SPARK Institute Requests Guidance on 403(b) Prototype Plan and Use of EPCRS

Earlier today The SPARK Institute submitted a request for guidance to the Internal Revenue Service (“IRS”) regarding the pre-approved 403(b) plans program (Rev. Proc. 2013-22) and the application of the revised error correction program, the Employee Plans Compliance Resolution System (Rev. Proc. 2013-12) (“EPCRS”), to 403(b) plans. “The 403(b) prototype plan and EPCRS programs will be useful to plan sponsors and their service providers,” said Larry Goldbrum, General Counsel of The SPARK Institute. “Our request seeks clarification regarding a number of issues and makes recommendations that are intended to make these programs as available as possible to the broadest segment of the 403(b) community,” he added.

The SPARK Institute’s letter covers matters relating to vesting, mandatory pre-tax employee contributions, required minimum distributions, the relationship between plan terms and conflicting investment arrangement provisions, and others. Evan Giller, of Giller & Calhoun, who worked with The SPARK Institute on the letter, stated that “Guidance regarding the prototype plan program is needed because the design of existing 403(b) plans might preclude some plans from being able to meet the requirements of the prototype program in its current form. Similarly, the request seeks to have the EPCRS program interpreted in a way that takes into account the unique aspects of 403(b) plans so that plan sponsors can correct errors as efficiently and cost effectively as possible.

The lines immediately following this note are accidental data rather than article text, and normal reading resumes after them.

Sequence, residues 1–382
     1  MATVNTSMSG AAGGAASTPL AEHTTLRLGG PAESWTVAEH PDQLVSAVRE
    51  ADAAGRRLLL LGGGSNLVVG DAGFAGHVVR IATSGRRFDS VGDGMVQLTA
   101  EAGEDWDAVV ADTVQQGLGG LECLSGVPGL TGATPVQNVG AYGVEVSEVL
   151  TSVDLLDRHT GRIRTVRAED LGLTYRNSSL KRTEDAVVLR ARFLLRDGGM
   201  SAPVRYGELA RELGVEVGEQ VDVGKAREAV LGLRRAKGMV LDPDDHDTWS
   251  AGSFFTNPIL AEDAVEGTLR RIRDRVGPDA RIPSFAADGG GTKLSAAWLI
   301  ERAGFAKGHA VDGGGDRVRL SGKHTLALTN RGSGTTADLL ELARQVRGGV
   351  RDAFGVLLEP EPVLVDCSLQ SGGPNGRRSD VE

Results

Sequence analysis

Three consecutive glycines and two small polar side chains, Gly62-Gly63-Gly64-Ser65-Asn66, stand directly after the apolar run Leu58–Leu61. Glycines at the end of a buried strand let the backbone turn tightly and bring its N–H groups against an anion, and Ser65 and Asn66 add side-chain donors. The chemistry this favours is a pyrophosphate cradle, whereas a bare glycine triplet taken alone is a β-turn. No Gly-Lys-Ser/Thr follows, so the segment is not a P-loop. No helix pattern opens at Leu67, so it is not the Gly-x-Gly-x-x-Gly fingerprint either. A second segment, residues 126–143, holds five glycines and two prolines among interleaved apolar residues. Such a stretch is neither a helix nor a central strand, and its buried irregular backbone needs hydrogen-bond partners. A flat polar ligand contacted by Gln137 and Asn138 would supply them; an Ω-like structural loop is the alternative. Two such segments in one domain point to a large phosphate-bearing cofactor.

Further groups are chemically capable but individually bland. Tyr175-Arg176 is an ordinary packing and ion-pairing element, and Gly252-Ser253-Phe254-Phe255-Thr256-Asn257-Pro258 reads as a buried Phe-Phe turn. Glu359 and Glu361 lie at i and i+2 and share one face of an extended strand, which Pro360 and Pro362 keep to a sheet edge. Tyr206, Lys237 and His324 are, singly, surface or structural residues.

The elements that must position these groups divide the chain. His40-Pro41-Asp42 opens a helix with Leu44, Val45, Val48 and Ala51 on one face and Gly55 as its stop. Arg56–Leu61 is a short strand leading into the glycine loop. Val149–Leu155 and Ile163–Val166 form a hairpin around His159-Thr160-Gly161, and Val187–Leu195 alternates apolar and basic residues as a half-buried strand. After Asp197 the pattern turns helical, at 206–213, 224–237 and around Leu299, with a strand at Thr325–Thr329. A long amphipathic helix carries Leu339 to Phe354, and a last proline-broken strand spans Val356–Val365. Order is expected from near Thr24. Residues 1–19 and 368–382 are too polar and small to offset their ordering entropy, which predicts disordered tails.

The SPARK Institute represents the interests of a broad based cross section of retirement plan service providers and investment managers, including banks, mutual fund companies, insurance companies, third party administrators, trade clearing firms and benefits consultants. Through the combined expertise of its member companies, the Institute provides research, education, testimony and comments on pending legislative and regulatory issues to members of Congress and relevant Government agency officials. Collectively, its members serve approximately 70 million participants in 401(k) plans, and the substantial majority of all participants in 403(b) plans.

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